We recently had the opportunity to talk one on one with Dr. Tracey Adler, a physical therapy graduate of the College of Health Professions, (formerly known as VCU’s School of Allied Health Professions).
Adler is the director and owner of Orthopedic Physical Therapy, Inc., which specializes in manual therapy and hands-on treatment. She earned a Bachelors in Physical Therapy from Georgia State University in 1979, a Master of Science in orthopedic physical therapy in 1984 and Doctor of Physical Therapy in 2007, both from Virginia Commonwealth University.
Born in Carmel, Ca. to a Navy family, Adler and her family lived in numerous places, including England, Rhode Island and Northern Virginia.
Dr. Adler (center) and her team at Orthopedic Physical Therapy, Inc.
What are your thoughts on growing up in a military family?
I feel like growing up in a military family shapes you in a good way, and makes you learn how to be adaptable. You learn how to make new friends and interact with people easier. It makes you very open and tolerable. I never grew up with any kind of prejudice, because I lived in different places and met all kinds of different people. I believe all of these opportunities taught me how to adapt quickly in different situations.
When did you know you wanted to become a physical therapist?
I decided when I was 13 that I wanted to be a physical therapist. We were living in Northern Virginia, and a family friend of my parents had a disabled child. The family happened to ask if I would be interested in volunteering, and I wanted to take part in the opportunity. For three summers in a row, I volunteered at a day camp for disabled children. The first week I was there, I knew I wanted to be a physical therapist, and I never changed my mind.
Tell us about your education
I attended Mary Washington for the pre-physical therapy program, and initially thought my path would begin at Virginia Commonwealth University (formerly known as Medical College of Virginia), however I was not accepted there. At the time there were only 17 PT schools in the entire country. I went to Georgia State for PT school, which is where I earned my Bachelor’s degree. Afterward, I worked for two years, knowing I wanted to obtain a master’s degree. There were three programs in the country that offered an orthopedic masters in PT. These included Chicago Medical School, Pittsburgh and VCU. I was accepted into all three programs, and ultimately chose VCU.
Her thoughts on how the inter-collaboration of programs helps prepare PT students
I believe it’s important to experience what other allied health professions are out there, and how your discipline can collaborate with others. I would go even a step further and say there needs to be more integration between allied health and medicine, because not everyone in the medical community has understood the role of allied health professionals. For example, I once had a family practice doctor in town who had an orthopedic resident doing an internship with him. The doctor suggested to the intern that he spend a week with me in order to gain a better understanding of the physical therapist’s role. Even if you’re an orthopedic surgery resident, it is important for you to have a better idea of what can benefit patients.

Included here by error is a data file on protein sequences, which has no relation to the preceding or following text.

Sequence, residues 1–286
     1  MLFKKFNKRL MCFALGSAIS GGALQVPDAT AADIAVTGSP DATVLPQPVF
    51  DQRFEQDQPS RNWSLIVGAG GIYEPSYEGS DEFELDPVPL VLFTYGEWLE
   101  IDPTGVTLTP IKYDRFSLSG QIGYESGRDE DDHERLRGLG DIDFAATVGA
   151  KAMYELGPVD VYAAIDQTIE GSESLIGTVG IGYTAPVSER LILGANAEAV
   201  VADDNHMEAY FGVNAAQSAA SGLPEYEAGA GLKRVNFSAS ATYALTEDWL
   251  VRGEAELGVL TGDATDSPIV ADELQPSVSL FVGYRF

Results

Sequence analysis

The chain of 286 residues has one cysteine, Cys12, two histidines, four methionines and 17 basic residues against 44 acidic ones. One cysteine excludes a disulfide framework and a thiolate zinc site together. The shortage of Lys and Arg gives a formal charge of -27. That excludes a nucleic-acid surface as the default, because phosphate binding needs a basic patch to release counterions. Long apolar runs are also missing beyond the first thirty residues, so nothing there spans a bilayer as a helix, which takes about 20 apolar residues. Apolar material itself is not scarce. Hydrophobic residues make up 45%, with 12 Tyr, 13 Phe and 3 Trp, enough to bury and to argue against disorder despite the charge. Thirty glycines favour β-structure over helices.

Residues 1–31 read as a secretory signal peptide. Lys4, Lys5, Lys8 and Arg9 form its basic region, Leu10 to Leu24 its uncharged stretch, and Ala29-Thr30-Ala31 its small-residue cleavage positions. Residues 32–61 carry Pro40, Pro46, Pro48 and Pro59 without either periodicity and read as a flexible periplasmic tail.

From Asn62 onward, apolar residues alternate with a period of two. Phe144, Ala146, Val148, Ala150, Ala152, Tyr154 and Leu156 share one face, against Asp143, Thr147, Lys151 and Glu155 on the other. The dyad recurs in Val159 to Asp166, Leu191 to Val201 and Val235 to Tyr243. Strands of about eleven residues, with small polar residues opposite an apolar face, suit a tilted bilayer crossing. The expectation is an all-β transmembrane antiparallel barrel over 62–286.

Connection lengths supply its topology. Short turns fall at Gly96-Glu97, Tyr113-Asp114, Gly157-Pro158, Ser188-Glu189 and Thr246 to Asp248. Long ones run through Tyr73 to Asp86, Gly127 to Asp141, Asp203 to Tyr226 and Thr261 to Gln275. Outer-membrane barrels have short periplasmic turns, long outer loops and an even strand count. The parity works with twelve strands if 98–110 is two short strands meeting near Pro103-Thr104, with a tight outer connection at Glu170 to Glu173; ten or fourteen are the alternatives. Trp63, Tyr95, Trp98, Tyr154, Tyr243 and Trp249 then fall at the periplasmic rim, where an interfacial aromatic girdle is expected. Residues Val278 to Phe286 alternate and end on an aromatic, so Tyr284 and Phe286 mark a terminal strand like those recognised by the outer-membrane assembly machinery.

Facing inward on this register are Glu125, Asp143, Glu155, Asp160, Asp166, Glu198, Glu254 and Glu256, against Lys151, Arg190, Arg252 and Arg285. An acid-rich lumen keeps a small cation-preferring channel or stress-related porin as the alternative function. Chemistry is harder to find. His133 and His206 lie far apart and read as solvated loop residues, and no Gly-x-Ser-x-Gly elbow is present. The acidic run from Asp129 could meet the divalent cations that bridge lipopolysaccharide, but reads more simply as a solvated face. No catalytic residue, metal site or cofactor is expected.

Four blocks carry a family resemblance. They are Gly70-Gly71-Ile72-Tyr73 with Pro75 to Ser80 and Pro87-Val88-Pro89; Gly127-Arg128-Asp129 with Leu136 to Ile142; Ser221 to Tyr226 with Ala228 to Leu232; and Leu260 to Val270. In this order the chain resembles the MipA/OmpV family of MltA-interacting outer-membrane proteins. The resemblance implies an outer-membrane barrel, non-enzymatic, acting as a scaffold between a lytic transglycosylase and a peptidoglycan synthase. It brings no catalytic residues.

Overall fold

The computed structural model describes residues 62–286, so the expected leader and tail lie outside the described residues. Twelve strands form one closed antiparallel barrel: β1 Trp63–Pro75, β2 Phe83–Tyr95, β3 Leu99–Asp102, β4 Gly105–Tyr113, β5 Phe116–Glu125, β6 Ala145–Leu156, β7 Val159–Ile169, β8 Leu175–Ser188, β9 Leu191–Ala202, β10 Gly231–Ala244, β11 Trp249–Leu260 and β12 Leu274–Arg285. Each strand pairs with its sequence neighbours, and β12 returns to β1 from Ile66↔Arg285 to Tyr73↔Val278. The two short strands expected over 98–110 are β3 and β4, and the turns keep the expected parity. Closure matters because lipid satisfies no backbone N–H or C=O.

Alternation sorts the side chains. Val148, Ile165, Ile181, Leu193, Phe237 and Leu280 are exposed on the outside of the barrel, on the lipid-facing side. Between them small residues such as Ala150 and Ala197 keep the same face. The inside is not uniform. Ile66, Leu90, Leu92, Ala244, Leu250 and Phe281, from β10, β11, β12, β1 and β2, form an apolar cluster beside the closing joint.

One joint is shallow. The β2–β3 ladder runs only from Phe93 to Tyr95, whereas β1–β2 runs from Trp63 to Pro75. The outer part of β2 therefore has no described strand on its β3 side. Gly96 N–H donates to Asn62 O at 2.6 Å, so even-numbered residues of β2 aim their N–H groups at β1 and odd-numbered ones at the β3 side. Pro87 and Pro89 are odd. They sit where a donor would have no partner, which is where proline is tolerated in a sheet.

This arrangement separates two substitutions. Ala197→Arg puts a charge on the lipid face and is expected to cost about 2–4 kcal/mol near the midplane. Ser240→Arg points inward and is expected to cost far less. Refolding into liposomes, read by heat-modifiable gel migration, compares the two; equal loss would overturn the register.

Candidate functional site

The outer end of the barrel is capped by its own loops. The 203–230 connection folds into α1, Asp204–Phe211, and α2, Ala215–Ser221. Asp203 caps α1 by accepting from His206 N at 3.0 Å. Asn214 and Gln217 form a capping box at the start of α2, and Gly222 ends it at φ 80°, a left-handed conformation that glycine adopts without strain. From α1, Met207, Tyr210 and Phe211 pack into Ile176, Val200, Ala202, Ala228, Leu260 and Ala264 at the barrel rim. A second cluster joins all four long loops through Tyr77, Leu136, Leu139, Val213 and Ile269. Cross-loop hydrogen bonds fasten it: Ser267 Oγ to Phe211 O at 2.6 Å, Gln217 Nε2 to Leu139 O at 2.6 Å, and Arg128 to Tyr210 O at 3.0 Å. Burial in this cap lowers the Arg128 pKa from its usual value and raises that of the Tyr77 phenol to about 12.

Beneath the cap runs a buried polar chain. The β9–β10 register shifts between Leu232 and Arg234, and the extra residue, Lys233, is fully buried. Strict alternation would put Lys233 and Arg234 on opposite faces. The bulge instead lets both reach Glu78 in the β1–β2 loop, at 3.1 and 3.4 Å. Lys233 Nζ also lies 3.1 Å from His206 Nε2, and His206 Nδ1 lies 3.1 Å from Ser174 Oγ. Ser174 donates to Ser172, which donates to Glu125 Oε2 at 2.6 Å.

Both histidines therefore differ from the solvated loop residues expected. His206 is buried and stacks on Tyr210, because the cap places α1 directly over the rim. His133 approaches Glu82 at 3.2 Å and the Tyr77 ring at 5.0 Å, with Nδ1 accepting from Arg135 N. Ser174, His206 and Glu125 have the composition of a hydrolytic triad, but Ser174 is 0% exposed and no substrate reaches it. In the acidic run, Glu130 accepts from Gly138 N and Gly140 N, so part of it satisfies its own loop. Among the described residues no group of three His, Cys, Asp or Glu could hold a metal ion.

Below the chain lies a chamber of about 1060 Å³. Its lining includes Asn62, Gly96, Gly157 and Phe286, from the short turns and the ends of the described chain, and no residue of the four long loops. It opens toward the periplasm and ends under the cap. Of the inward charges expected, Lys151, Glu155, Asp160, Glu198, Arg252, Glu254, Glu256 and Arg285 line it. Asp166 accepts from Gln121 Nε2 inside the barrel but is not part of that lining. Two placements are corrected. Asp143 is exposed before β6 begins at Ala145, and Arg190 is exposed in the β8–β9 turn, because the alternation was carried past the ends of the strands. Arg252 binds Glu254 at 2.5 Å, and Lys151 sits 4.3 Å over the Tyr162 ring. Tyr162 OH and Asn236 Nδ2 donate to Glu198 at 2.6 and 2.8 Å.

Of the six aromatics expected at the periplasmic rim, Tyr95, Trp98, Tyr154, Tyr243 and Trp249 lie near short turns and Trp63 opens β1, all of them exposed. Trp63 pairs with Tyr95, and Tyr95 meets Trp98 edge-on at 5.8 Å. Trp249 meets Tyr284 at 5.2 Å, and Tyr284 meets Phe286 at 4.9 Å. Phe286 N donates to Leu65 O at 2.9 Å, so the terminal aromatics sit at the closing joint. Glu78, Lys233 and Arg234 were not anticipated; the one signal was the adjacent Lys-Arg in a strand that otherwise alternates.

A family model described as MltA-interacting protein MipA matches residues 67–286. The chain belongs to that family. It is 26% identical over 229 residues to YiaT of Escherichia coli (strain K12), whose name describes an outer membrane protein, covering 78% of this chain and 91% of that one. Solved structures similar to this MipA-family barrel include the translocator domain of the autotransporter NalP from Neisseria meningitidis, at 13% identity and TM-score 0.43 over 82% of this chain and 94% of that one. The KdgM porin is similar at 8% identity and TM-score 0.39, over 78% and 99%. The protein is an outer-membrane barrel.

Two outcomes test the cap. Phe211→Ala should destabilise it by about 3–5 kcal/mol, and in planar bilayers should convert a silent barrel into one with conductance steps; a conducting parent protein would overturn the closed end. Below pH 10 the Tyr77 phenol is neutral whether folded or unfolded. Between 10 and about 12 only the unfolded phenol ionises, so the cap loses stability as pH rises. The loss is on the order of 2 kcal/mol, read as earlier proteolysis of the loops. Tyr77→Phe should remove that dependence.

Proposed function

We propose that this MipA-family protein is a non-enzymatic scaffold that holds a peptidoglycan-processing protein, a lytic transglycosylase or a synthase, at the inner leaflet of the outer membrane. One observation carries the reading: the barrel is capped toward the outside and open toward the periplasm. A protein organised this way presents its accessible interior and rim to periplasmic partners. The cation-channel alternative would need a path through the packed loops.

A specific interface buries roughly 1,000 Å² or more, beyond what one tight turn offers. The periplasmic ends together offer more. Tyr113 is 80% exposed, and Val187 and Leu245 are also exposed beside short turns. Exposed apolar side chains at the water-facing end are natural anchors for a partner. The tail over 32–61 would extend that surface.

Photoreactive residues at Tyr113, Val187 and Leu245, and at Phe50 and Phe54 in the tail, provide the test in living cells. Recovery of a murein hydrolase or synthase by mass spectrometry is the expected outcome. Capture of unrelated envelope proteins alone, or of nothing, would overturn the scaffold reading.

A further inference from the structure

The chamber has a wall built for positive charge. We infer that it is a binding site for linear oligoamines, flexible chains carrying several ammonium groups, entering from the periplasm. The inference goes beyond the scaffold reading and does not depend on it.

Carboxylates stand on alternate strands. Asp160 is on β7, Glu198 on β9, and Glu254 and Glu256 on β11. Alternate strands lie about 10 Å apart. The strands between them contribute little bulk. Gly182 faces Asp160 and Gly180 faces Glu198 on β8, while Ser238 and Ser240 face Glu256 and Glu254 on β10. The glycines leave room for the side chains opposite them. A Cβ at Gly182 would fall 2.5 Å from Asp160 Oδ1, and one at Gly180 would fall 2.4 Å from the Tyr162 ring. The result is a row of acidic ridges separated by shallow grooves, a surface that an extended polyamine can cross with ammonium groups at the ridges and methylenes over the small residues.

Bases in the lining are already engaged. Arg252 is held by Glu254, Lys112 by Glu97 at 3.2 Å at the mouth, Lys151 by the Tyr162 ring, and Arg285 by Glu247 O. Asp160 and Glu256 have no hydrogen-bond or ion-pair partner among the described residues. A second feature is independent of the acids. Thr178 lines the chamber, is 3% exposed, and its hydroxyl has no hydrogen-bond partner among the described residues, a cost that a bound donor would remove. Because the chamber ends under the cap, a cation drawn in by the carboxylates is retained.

How has the field of physical therapy evolved?
When I finished PT school, I think we were viewed more as technicians. Today we’re regarded as independent practitioners. A patient can see a physical therapist without first having to see his or her doctor, and we provide a physical therapy diagnosis. Physical therapists are essentially an entryway into the health field, and no longer just an extension of care. I think this is by far, one of the biggest things that has changed within the field.
Additionally, Direct Access is available for patients. This means that licensed physical therapists in Virginia can evaluate and treat any patient, for a maximum of 60 consecutive days without the requirement of a referral from a medical professional. Direct Access empowers patients by giving them a choice, and allowing them to receive the physical therapy they need immediately, without avoidable delays. For more information regarding Direct Access, visit the Virginia State Board of Physical Therapy
How do you feel your education prepared you for what you do today?